Friday, December 19, 2014

21 Times Nancy Drew Summed Up Being On Santa's Naughty List

Who you calling a ho ho ho?


When you skip buying presents for your family because you had to get those Dolce and Gabbana sunglasses.


When you skip buying presents for your family because you had to get those Dolce and Gabbana sunglasses.


Simon & Schuster


When you're deleting texts so he can't see what you said about his small penis.


When you're deleting texts so he can't see what you said about his small penis.


Simon & Schuster


When you are feeling your look, but that outfit is going back to the store after you wear it.


When you are feeling your look, but that outfit is going back to the store after you wear it.


Simon & Schuster


When you put on Petey Pablo's "Freek-a-Leek" and let him hit in from the back.


When you put on Petey Pablo's "Freek-a-Leek" and let him hit in from the back.


Simon & Schuster




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Which Harry Potter Spell Are You?

Let’s get Riddikulus.



Jarry Lee / BuzzFeed / Warner Bros.


Mia has pretty excellent taste if you ask me.


In case you can't read her handwriting, her list reads: "Katniss taught me to survive..."


In case you can't read her handwriting, her list reads: "Katniss taught me to survive..."


The Hunger Games


Lionsgate


"Hermione taught me to reason..."


"Hermione taught me to reason..."


Harry Potter


Warner Bros. Pictures


"Tris taught me to be brave..."


"Tris taught me to be brave..."


Divergent


Lionsgate




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7 Thoughts Robbie Rogers Has On LGBT Issues In Sports

The MLS star visited BuzzFeed and spoke about coming out, fellow LGBT athletes, and what leagues need to do differently.


Rogers on what leagues need to do differently: “Work your ass off to try and create an environment where people feel comfortable enough to [come out].”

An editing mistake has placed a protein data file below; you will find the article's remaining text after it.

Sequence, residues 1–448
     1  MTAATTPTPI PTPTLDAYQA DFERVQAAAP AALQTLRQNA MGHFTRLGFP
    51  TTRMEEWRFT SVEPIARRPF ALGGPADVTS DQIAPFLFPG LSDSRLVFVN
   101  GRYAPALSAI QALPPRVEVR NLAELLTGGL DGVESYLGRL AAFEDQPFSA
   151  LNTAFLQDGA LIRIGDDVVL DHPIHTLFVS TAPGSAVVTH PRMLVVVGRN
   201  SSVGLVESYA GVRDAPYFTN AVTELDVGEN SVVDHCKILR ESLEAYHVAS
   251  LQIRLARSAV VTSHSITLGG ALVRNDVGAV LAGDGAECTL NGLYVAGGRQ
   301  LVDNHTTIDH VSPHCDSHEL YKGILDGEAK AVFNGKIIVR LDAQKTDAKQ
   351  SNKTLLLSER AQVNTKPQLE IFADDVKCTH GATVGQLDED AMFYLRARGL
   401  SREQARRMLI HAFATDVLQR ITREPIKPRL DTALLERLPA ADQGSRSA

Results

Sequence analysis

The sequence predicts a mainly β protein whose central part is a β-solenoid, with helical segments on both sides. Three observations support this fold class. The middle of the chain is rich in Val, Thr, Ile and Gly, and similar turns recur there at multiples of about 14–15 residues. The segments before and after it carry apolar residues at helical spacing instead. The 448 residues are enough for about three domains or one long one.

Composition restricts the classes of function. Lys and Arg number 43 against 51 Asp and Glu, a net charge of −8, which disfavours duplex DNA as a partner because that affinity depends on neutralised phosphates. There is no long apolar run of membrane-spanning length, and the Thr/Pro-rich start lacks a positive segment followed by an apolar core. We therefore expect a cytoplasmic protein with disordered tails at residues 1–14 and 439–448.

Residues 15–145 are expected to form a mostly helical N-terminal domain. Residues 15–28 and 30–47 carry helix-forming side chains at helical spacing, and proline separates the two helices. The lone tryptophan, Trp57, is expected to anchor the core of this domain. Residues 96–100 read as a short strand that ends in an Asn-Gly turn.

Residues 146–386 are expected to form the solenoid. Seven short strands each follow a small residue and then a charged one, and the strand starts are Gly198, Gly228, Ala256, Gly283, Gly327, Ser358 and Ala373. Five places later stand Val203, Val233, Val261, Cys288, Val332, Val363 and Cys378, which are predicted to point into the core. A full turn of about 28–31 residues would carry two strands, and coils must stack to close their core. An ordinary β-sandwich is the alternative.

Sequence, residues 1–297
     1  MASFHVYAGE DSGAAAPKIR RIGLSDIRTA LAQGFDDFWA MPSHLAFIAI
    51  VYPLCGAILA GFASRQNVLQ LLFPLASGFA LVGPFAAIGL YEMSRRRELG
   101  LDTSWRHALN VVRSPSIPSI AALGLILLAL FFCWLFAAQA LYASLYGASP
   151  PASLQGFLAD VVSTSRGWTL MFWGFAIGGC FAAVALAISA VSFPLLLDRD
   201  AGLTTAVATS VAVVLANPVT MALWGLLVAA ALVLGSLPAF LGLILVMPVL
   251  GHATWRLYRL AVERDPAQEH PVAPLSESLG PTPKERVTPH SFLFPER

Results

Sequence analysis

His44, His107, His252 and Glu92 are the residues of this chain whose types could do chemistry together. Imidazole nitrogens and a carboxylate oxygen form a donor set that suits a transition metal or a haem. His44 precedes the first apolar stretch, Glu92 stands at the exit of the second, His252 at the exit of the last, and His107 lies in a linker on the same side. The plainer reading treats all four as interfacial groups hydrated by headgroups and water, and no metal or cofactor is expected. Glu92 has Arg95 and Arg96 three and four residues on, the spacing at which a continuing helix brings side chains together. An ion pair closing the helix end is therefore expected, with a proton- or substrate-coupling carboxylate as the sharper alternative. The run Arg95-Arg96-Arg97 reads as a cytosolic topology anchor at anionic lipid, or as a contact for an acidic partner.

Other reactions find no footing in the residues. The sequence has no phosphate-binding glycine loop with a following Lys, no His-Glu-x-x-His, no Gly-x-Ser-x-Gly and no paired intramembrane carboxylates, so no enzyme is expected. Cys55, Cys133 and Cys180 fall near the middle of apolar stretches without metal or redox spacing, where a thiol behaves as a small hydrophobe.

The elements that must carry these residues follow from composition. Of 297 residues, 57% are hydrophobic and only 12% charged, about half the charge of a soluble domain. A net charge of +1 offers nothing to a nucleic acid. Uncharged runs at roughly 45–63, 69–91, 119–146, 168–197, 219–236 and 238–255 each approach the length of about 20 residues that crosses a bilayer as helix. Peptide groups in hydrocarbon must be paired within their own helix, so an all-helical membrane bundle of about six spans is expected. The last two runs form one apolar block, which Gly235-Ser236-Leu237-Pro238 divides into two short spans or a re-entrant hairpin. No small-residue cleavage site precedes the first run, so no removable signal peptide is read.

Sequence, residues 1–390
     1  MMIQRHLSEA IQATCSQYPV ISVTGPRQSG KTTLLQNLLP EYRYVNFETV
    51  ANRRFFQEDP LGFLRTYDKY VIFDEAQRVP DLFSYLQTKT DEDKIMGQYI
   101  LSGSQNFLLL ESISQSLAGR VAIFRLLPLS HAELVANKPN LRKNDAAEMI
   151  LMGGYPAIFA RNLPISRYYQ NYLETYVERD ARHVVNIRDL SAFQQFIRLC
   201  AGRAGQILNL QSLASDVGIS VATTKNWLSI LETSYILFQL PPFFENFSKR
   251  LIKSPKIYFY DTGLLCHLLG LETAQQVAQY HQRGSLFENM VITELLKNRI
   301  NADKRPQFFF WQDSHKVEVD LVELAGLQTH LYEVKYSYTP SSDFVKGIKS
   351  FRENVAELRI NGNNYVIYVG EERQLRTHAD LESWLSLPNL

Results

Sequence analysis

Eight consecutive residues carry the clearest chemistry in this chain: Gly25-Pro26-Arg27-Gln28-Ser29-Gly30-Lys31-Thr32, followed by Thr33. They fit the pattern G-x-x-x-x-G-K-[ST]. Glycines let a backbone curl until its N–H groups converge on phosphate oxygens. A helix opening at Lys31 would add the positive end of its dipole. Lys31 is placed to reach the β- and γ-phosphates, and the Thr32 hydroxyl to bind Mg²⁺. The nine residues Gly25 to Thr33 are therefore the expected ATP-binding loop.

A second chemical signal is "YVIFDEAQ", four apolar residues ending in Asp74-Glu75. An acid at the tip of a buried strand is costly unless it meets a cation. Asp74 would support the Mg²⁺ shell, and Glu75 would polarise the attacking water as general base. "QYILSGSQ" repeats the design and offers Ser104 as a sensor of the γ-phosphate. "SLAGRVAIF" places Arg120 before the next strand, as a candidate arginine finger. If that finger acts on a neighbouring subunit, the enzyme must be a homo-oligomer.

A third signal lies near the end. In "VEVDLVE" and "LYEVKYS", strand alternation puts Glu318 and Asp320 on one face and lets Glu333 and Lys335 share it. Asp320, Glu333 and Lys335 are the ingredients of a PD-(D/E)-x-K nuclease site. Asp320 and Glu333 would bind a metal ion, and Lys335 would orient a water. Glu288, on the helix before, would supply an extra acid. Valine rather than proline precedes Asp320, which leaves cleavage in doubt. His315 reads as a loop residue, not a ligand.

Rogers on what leagues need to do differently: “Work your ass off to try and create an environment where people feel comfortable enough to [come out].”


Macey J. Foronda / BuzzFeed


“I think in general all [leagues]… need to do a better job of creating some kind of a panel where they can discuss issues of homophobia, racism, sexism, all that stuff," he said.


“I think in general all [leagues]… need to do a better job of creating some kind of a panel where they can discuss issues of homophobia, racism, sexism, all that stuff," he said.


Getty Images Kevork Djansezian


But regardless of what type of environment leagues create, Rogers said "it's going to take athletes to come out."


But regardless of what type of environment leagues create, Rogers said "it's going to take athletes to come out."


“The only thing that’s really going to change things is when we’re active and in the sports community, in locker rooms, when there’s a number of us and it just doesn’t become an issue. When we’re a voice," he said.


Getty Images Jeff Gross


Rogers on fellow athletes coming out: “I’m guessing in five years we won’t be talking about it. I think it’s going to take a few more years for everyone to be comfortable."


Rogers on fellow athletes coming out: “I’m guessing in five years we won’t be talking about it. I think it’s going to take a few more years for everyone to be comfortable."